On the other hand, the Germans could learn a lot from the TRC. Not that the TRC was a magic body. There are many failings. Taking the time factor into account, this is acceptable. On the other hand, its successes are innumerable. It gave people a chance to come out and tell the truth. Many did and myriads of mysteries were solved. Most pressing were the crimes committed by the authorities and the people who had disappeared. Many mothers, sisters and wives were able to learn for the first the fate of their loved ones and the site of the graves. That was a great relief. At long last these bodies were given a proper burial under true traditional custom.

A very important aspect of the work of the TRC is recorded in a documentary of the various hearings that took place all over the country. At one hearing a black member of the police squad admitted to killing a number of young men and secretly burying their bodies in a bush. This, in the presence of the families of those killed. Jobs were not easy to find so the police force was the place to earn your living. However distasteful, especially the white superiors.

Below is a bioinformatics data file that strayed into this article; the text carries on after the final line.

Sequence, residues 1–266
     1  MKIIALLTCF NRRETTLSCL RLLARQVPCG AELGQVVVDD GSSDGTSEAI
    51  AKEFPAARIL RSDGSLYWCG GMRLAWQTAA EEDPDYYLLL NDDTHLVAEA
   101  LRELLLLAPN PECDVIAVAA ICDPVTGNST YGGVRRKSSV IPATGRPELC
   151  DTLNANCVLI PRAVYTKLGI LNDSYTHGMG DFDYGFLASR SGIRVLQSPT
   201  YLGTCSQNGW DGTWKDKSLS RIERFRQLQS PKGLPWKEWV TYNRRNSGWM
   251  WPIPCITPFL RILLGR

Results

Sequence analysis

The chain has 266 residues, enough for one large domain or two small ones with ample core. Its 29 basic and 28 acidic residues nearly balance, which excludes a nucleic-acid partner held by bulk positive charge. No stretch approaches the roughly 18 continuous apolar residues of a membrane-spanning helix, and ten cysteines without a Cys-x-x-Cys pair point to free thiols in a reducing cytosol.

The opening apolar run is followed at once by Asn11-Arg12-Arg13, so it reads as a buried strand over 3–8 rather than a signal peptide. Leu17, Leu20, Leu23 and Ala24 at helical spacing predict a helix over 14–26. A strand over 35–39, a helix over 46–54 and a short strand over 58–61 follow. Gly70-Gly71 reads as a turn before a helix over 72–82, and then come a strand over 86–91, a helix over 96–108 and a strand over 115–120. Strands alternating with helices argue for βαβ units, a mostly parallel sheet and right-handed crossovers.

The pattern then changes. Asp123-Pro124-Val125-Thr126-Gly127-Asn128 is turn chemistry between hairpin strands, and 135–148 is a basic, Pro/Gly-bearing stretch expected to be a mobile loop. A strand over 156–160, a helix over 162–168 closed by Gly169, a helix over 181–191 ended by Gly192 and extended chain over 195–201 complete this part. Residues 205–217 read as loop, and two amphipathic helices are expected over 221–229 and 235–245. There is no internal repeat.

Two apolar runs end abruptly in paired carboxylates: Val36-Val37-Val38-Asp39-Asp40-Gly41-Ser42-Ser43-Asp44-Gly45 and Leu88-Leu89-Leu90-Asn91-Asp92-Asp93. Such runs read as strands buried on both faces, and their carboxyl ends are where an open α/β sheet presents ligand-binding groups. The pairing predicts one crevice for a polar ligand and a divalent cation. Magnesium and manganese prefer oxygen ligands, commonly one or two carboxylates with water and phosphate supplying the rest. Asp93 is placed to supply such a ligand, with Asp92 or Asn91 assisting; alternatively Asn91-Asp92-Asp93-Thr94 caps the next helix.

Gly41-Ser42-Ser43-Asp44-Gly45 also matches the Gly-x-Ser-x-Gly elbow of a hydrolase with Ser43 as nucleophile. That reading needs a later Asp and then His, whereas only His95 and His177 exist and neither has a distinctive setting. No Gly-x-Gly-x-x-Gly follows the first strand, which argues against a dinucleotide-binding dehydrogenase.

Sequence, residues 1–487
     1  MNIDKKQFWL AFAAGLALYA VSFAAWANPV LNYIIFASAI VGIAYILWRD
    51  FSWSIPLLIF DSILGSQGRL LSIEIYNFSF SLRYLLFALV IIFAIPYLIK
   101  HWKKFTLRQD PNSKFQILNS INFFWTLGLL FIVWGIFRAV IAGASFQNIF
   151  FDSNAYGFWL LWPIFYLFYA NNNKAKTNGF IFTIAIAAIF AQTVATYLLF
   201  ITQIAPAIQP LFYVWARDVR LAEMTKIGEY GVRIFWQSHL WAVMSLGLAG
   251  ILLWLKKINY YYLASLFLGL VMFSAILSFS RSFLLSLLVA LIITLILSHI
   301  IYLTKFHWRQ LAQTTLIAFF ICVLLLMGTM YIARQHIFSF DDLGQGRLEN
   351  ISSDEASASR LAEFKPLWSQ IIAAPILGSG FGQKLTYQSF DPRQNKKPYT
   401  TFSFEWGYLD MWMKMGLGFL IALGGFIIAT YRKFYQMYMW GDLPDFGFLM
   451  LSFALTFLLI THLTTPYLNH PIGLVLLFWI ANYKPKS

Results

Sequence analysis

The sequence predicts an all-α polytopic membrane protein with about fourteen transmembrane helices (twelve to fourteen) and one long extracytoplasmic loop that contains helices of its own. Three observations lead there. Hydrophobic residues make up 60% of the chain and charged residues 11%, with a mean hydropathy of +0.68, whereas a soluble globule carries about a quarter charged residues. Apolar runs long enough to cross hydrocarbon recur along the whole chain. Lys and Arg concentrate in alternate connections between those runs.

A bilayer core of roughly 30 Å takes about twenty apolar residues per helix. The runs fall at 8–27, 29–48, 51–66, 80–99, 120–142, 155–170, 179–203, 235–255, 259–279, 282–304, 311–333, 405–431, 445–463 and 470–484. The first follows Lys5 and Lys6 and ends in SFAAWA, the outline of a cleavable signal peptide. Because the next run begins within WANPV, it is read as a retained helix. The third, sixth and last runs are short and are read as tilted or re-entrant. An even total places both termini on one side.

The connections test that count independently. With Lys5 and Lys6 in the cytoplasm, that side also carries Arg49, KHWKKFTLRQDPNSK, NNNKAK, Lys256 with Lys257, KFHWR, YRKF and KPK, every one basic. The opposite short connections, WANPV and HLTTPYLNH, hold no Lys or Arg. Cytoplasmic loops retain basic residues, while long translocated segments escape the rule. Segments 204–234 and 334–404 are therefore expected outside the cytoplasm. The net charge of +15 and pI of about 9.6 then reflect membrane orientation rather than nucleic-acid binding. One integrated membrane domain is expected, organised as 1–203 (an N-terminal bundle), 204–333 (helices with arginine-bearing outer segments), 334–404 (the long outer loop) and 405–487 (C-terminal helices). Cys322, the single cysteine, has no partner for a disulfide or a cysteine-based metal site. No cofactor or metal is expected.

After the hearings, this young policeman sought a meeting with the families
of the people he killed. To his surprise, they agreed. That was a very tough get together. And a brave one too. He went on his knees to beg for the mercy and forgiveness from the families. He was scolded. He really got a tongue-lashing.
In the end they all cried. They prayed together and he was hugged by each and every person in the gathering. He was forgiven.

These were simple people with big hearts who lived in anxiety not knowing the whereabouts of the loved ones. The revelations of the young policeman removed a huge stone from their hearts. They were very grateful for that.

Although the German Government has made very heavy weather regards the genocide in Namibia over a 100 years ago, it is never too late to do so now. The example of the people mentioned above provides a fantastic guideline.


Eric Singh – Freelance Journalist
Mellenseestrasse 29 D-10319 Berlin


Germans distort a dark past - by Magreth Nunuhe